There are some delicious starters: grilled vegetables, soups, a chicken liver pate with home made rolls, a little bowl of mussels, a hearty tuna salad – as good as Giorgio’s – which Song and I usually share, tapas and so on. Average cost around 60 baht.

For mains the list is long and divides between six or seven Thai dishes, including a massaman curry, pork and beef dishes among others. There are two casseroles, hunter’s chicken and a rich beef stew served with mashed potatoes, which I am assured is delicious. The Italian side of things is represented by a wide selection of thin crust pizzas, with some very original toppings and an Oregano special which I like best. There are many pasta dishes, including classics such an arrabiata, with or without sea food, (better than at Pasta Caf้) vongole (rather heavy on the chili), meat sauces, plain with olive oil, garlic and chili and one that an Italian-American friend swears is authentic, spaghetti with Italian sausages. Main courses are under 100 baht.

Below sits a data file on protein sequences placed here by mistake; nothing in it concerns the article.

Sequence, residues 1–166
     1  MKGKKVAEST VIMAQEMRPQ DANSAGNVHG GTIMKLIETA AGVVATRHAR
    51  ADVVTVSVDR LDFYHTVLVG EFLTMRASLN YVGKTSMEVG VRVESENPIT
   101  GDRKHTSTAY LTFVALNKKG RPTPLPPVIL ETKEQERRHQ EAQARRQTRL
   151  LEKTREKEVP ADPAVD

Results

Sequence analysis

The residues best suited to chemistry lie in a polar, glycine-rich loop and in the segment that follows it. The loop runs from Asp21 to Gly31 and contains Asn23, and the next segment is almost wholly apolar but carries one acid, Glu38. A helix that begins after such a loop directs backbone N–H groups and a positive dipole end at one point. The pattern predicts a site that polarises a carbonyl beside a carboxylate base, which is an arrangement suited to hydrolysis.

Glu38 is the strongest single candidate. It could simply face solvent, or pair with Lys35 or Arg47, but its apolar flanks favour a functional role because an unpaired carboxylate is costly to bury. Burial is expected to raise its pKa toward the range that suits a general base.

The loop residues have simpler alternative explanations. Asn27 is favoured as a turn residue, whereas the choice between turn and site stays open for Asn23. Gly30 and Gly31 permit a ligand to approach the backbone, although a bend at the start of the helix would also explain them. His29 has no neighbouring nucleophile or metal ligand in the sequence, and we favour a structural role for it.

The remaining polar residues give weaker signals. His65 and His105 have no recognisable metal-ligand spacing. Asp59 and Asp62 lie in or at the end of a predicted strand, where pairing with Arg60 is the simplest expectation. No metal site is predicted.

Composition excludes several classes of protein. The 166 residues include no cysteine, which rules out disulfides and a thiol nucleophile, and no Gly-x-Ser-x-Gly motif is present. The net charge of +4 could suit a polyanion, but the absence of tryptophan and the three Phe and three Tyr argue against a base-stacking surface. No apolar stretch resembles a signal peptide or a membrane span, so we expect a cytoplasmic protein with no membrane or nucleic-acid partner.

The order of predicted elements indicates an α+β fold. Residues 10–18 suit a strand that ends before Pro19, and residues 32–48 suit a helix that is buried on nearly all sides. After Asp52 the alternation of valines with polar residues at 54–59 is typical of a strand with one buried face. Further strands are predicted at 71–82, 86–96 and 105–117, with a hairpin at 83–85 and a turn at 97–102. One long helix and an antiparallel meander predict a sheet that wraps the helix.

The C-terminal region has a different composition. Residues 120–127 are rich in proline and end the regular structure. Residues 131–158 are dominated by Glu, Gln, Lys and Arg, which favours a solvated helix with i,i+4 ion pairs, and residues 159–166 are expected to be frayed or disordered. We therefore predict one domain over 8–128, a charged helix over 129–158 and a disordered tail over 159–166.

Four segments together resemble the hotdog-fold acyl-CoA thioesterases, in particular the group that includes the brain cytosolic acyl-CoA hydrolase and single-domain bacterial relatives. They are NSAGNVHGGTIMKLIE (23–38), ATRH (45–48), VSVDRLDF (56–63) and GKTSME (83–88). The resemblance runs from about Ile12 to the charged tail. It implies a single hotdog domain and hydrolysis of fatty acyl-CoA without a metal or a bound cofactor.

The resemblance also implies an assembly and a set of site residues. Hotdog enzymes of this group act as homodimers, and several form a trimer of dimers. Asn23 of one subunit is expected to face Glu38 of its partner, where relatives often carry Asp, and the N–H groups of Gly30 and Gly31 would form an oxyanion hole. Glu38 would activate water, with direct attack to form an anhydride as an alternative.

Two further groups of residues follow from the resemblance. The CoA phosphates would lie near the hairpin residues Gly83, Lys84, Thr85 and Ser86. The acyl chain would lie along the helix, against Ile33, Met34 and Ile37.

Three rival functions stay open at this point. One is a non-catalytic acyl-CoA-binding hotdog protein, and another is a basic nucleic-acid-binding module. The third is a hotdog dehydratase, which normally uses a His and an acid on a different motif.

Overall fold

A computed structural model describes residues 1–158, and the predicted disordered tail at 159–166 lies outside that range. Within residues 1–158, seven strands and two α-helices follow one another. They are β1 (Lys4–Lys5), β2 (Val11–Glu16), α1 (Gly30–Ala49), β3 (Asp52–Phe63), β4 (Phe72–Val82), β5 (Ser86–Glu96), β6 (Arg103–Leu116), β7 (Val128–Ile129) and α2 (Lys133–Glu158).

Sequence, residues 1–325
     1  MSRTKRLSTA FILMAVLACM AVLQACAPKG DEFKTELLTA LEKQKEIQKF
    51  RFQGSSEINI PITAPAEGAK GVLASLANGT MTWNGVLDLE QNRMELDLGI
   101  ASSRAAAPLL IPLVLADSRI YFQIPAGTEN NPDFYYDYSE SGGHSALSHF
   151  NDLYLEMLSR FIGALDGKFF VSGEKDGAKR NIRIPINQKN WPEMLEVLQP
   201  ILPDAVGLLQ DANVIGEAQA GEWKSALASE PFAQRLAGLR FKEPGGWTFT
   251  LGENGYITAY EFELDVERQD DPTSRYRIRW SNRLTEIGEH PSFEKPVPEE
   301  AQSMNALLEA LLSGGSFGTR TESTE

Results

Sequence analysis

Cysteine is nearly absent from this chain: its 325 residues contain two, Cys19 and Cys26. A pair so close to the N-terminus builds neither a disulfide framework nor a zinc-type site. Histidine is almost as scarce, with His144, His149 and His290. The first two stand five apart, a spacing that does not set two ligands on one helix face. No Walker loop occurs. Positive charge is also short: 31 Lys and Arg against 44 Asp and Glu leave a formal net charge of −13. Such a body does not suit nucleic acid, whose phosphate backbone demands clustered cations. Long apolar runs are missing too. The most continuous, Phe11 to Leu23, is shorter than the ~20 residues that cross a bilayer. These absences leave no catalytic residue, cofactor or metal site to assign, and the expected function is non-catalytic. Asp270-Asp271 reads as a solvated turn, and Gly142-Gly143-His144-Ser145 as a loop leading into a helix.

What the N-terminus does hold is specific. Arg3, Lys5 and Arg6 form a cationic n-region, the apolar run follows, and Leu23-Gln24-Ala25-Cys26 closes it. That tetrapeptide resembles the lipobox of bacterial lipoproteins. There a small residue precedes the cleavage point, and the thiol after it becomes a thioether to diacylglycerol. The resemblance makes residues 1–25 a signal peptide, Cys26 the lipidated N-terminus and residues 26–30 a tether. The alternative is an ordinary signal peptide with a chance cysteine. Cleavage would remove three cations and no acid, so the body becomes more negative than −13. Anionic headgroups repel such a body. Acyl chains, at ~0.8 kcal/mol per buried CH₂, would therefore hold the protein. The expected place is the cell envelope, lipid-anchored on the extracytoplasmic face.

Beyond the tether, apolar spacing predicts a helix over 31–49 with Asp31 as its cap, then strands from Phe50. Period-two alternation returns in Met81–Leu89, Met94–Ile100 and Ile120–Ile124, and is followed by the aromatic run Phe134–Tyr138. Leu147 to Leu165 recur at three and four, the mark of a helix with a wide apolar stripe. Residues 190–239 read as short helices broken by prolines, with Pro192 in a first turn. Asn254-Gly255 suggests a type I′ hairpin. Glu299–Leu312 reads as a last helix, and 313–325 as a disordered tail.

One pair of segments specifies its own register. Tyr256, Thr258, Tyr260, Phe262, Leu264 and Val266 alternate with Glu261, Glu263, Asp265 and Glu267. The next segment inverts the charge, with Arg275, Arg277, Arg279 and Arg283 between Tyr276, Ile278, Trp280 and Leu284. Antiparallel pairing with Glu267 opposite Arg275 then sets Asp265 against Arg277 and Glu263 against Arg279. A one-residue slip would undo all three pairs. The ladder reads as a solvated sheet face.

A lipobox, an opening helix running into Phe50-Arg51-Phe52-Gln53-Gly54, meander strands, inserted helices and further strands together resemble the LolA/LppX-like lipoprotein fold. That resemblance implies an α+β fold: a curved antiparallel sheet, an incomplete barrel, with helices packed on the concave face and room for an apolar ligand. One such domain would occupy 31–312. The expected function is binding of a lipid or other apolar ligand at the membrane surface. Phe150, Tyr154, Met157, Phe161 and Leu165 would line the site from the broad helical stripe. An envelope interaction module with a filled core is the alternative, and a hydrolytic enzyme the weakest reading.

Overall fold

The puddings are fewer in number but usually include home made ice cream (Mango is superb), almost in line with Gianni’s. There’s a chocolate mud pie and a very light panna cotta with seasonal coulis and on occasion a tiramisu. More please. I’d also welcome a fish dish (perhaps a simple grilled sea bass?) and a second pate – perhaps mixed smoked fish or vegetarian? Oh and a little less rapid serving of the main course once the starter is cleared. But these are minor points, not detracting from the overall quality and the amazing value. Water is served ad lib, by the way and other drinks are available including beers and non alcoholic beverages.

You can eat in the main room which seats around 24 people (they tend to be busiest early in the evening) or on the enclosed terrace which surrounds the room. It’s rather like being in someone’s home, which is light and airy. The average cost per head including a glass – or two- of house wine (you can take your own bottles or there is a small selection of superior wines on sale), with a starter (easy to share the pate or salads), a main course and pudding should cost around 300 baht with a tip.